December 26, 2010 at 1:07 am |
  9. Mikie

    What are you some sort of a nut case???
    Do what YOU WANT to do and who cares what others think!! After all is said and done – who do you live with and more importantly, who do you really need to make happy?

    Sounds like you're one of those that "needs approval" from everyone before you can make up your own mind...

    Duh.... such a dumb situation and so typical of a stupid female mentality..

    December 25, 2010 at 5:45 pm |
    • mikeb1

      This sounds like the post of a selfish, delusionally self agrandizing, masogenist. You might not be one, but you sound like one here.

      December 26, 2010 at 12:07 pm |
    • joemamma

      Mikie,

      you're a douche bag

      December 26, 2010 at 7:38 pm |
  10. Marika

    First World Problem... must be nice.

    December 25, 2010 at 3:32 pm |
  11. Cindy

    I hear you on the mixing of cuisines for big holidays. I have an even bigger gap. Imagine my frustration at trying to prepare Thanksgiving dinner for my husband and some of his Bangladeshi relatives. At first I prized this occasion as my one chance to cook totally traditional American cuisine. After they have become, ahem, comfortable, now I get requests like 'can't you curry the turkey?'. Meaning I should cut it into small pieces and make it oily and spicy. They do like mashed potatoes and stuffing. My husband ends-up making a curried meat dish on the side. Arrrggghhh!

    December 25, 2010 at 2:43 pm |
    • geocentric

      Oh that one's easy... serve a curry sauce (gravy) on the side. Try some new "traditions" to go along with the old. We often spice turkey and chicken with a dry rub of curry powder, garlic powder, cayenne and Chinese 5 spice before roasting. It's not "hot" but is very flavorful !

      December 25, 2010 at 9:29 pm |
    • boko

      Sounds way better than plain old turkey to me. And I'm American.

      December 26, 2010 at 5:36 pm |
  12. Kat

    I tend to agree with Marco (minus the "snooty" remark). Go with what you like. Let them bring what they life. Everyone is happy and I guarantee the food will disappear. If it doesn't all the more to enjoy the next day as leftovers. When I was still cooking huge meals for tons of guests, the day after was the best day in the world for me. I could (and did) spend the entire day in my PJs, snacking on leftovers while I lounged around reading and watching TV. It was wonderful. I long for those days now that my family is gone. Enjoyment is the key.

    December 25, 2010 at 1:23 am |
  13. Marco Rolssi

    Looks look you're on a downhill run. Your pasta alfredo (from scratch as you say) is totally American. It was invented in New York. It isn't Italian at all, although you can find it in touristy restaurants in Italy because Americans expect it! My advice: drop your snooty attitude and enjoy what you like, whether it's made at home, it's invented in America and pretended to be something else, or just bought. Happy holidays to you!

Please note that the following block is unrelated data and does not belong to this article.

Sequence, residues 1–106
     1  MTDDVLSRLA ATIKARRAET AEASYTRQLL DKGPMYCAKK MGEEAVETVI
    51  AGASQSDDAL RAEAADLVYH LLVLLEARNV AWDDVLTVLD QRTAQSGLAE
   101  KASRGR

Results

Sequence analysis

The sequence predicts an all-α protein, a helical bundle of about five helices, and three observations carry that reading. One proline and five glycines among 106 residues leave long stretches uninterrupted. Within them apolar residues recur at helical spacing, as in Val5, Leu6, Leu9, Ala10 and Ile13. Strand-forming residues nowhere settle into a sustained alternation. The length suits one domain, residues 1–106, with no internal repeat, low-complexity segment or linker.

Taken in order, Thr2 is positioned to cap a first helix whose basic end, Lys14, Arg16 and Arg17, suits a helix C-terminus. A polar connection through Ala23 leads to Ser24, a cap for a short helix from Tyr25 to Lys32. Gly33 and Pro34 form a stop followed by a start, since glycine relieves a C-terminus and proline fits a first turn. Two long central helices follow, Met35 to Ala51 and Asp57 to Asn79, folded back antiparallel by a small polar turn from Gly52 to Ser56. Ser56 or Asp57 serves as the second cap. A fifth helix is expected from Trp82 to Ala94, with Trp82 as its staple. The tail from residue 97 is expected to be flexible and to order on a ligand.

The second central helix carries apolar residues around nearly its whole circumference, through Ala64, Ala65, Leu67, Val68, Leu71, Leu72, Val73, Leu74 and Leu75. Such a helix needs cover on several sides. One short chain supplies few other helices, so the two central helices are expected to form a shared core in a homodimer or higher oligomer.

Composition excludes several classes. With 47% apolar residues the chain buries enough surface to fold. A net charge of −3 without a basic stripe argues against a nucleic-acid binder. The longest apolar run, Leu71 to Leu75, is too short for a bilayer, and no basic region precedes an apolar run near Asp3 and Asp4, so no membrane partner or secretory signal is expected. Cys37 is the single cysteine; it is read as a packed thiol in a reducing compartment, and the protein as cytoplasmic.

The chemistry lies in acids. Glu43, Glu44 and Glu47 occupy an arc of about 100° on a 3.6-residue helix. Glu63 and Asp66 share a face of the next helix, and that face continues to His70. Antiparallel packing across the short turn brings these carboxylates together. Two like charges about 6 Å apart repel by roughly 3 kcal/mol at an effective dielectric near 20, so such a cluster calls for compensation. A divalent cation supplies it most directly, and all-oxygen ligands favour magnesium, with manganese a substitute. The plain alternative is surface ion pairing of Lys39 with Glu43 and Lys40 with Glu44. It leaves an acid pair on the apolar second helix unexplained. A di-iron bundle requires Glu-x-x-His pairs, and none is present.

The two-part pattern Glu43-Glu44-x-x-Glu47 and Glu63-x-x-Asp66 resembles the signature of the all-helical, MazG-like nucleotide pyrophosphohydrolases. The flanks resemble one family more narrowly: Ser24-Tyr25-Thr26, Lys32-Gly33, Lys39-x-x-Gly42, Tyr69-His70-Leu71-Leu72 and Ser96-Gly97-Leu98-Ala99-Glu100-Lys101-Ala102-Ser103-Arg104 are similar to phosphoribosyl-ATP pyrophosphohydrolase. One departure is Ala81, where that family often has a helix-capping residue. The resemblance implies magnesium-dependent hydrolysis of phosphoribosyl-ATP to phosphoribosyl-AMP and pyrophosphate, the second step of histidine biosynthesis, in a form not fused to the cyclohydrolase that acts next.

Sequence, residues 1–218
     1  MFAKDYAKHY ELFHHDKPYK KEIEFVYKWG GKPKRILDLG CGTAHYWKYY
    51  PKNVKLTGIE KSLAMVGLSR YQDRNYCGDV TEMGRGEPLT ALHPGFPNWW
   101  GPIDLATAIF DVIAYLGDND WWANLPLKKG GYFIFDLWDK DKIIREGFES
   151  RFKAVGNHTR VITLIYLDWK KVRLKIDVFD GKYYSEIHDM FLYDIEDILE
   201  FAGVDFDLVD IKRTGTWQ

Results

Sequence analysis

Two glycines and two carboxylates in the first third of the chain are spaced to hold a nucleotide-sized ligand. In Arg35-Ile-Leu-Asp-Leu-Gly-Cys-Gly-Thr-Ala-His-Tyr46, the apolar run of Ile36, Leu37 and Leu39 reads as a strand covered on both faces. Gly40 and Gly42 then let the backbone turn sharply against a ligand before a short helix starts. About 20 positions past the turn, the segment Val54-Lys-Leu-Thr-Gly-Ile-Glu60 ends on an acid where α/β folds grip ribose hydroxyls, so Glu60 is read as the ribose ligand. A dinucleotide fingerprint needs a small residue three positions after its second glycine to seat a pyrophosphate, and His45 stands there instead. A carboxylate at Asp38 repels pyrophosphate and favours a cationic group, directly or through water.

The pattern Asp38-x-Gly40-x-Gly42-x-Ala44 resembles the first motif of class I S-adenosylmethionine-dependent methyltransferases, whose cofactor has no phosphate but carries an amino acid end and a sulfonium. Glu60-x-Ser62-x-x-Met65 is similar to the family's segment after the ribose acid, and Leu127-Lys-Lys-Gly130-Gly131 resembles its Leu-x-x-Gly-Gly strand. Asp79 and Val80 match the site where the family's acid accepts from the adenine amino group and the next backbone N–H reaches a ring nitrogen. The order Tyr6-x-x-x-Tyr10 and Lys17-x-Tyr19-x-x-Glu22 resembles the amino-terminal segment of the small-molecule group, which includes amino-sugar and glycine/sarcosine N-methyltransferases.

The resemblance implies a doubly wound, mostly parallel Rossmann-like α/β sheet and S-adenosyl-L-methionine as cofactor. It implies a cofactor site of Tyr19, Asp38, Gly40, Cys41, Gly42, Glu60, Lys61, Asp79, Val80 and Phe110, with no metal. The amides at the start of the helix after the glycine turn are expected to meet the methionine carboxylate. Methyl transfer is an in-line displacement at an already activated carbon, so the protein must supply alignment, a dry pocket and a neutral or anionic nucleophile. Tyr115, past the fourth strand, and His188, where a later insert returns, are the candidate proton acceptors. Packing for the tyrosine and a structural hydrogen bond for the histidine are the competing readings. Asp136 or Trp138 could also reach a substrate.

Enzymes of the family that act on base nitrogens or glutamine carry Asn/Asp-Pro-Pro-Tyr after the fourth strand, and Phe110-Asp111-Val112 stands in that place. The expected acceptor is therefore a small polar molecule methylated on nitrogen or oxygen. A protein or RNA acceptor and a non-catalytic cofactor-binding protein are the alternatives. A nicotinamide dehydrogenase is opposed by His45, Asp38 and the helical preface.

December 24, 2010 at 9:06 pm |
    • Tim

      For the record, mixing butter and cheese with pasta is a very Italian thing to do. My grandmother used to make it in Campli, Italy and she continued the same tradition here when she arrived at the age of 16. Calling it Alfredo was a restaurant owners idea, but the dish it is not "totally American."

      December 25, 2010 at 10:49 am |
      • Claire

        Funny, because having spent years in Italy, I never once saw anything that even remotely resembled pasta Alfredo, except in one or two ultra touristy restaurants. Just mixing cheese and butter, as Italians indeed do (for children usually), does absolutely not result in anything like Alfredo. Why even Italian Americans would claim it's an 'Italian family recipe' is a mystery to me.

        December 26, 2010 at 10:32 pm |
  14. fuyuko

    While I like exotic food, I also like everday food, so I can't say I'm a food snob. The best thing you can do is compromise. Serve what you like, and let them bring what they like.

    December 24, 2010 at 7:39 pm |
  15. Joe Blow

    Well you have to start training them sometime, better now then never. My wifes side of the family is the same way, pizza & kfc buckets. Gotta love free range turkeys & heirloom veggies.

    December 24, 2010 at 5:10 pm |
  16. Anon_e_mouse

    Sounds like you have a real dilemma on your hands, much as we do around our house at Passover! But for Christmas our family is in perfect agreement: like so many Jews all over the world, we'll go out for Chinese :-)

    December 24, 2010 at 4:34 pm |
  17. Justin Zbell

    Haha Abby, I have faith in you, but I think Tim owes you a vacation!

    December 24, 2010 at 4:14 pm |